started / would start in a non-conditional sentece

Discussion in 'English Only' started by DannyV5, Jan 11, 2019.

  1. DannyV5 New Member

    Dutch - The Netherlands
    Hi All,

    I was wondering if you could help me with the following sentence:

    Every time I came in, he would start preparing my coffee
    Every time I came in, he started preparing my coffee

    The first one sounds more correct to me, though I don't know if this is the case nor why this would be correct. All help would be appreciated :)
     
  2. se16teddy

    se16teddy Senior Member

    London but from Yorkshire
    English - England
    Both sentences are fine.
     
  3. lingobingo

    lingobingo Senior Member

    London
    English - England
    Both are grammatically correct. The first indicates his habitual practice but implies that the habit was ongoing. The second says it slightly differently, without that future implication.
     
  4. prudent260 Senior Member

    Chinese
    The sentence starts with 'every time' which implies habitual practice.
    May I know in what situation I could use the 2nd sentence to give no future implication?

    I should provide a scenario. just can't think of any.
    Could you help? Thank you.
     
  5. lingobingo

    lingobingo Senior Member

    London
    English - England
    Every time I came in, he started preparing my coffee = Every time I came in, he used to start preparing my coffee

    There’s no future implication in this.
     
  6. Linkway Senior Member

    British English
    When I lived with Tom, he would make me coffee every morning. (This is an habitual action that was done over an extended period, eg several years. It was "typical" of him.)

    When the police raided his house last week, they went in and out several times. Every time an officer entered the house, Jack offered him or her coffee.
    (This is a REPEATED action, but not habitual.)
     
  7. prudent260 Senior Member

    Chinese
    In this situation, I might say, "Every time I came in, he would have started preparing my coffee," which means he didn't do it anymore at the time I talked. Am I right about this? And do nuances of meaning exist between the two sentences?

    Thank you, lingobingo and Linkway. It is amazing to have you here.
     
  8. lingobingo

    lingobingo Senior Member

    London
    English - England
    Every time I came in, he would start making my coffee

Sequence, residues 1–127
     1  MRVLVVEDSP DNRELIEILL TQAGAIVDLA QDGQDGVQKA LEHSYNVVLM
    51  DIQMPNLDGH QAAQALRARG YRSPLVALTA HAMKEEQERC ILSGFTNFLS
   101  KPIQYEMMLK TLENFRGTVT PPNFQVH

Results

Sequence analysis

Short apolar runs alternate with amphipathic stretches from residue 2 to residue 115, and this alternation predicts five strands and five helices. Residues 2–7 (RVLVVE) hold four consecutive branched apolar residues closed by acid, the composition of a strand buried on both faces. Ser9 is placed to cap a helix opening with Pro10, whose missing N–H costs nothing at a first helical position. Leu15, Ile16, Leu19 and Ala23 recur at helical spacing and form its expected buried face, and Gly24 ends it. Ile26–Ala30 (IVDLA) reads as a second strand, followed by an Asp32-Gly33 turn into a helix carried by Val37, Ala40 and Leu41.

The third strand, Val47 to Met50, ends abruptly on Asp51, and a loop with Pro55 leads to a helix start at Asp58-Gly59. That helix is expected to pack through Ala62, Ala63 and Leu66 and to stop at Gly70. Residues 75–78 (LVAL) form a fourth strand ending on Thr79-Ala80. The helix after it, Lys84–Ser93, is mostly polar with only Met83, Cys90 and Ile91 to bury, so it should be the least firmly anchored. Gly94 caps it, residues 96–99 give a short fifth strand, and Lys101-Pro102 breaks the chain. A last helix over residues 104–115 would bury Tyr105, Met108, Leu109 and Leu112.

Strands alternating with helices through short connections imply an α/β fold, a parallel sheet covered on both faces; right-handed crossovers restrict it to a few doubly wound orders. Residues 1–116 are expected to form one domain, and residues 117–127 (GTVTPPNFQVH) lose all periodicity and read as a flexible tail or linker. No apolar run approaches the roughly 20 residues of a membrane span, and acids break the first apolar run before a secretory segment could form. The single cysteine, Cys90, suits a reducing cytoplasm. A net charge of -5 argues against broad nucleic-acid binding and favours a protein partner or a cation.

— expresses a habitual action within a past-tense narrative

    Every time I came in, he would have started making my coffee = I would find him already making my coffee
    — as above, but backshifting to indicate that the action had already begun when “I” entered the room

    The construction also works conditionally:
    … he would have started making my coffee if we had had any coffee
    … he would have started making my coffee but for the fact that I was under doctor’s orders to cut down on my caffeine intake​
     
  9. SevenDays Senior Member

    Spanish
    They are both correct, and they have the same meaning. The difference, of course, is that the first one has "would;" so what is this "would" doing there?

    Perhaps "would" signals willingness. Or perhaps "would" signals prediction: an action ("come in") led to another action ("start preparing coffee") each and every time. Or perhaps "would" means obligation: he had to start preparing coffee every time you came in (maybe he was your servant; maybe he lost a bet to you; or maybe there was another reason that compelled him to behave that way). The only way to know the meaning of "would" is for the speaker to tell us what he has in mind. In other words, "would" is about modality (signalling a particular meaning, according to speaker perspective).

    By contrast, he started preparing my coffee is what it is: a factual statement about repeated past actions. If there's any modality here, it'd have to be extra-linguistic (i.e., contextual), since there's no modal verb (no modal "would").
     
  10. Linkway Senior Member

    British English
    I think the use of "would" in the OP is used simply to indicate habitual actions - nothing to do with willingness, obligation, expectation, etc.

    Consider:
    We lived in Spain for five years in the eighties. In the spring, we would pick flowers. In the summer, we would spend every day in the pool or on the beach. Every evening, we would visit a bar or restaurant.
     
  11. london calling Senior Member

    SALERNO, ITALY
    UK ENGLISH
    Agreed. The same as 'used to': "He used to make me coffee every time I came in".
     
  12. DannyV5 New Member

    Dutch - The Netherlands
    Thanks to all of you! You've been of great help :)
     

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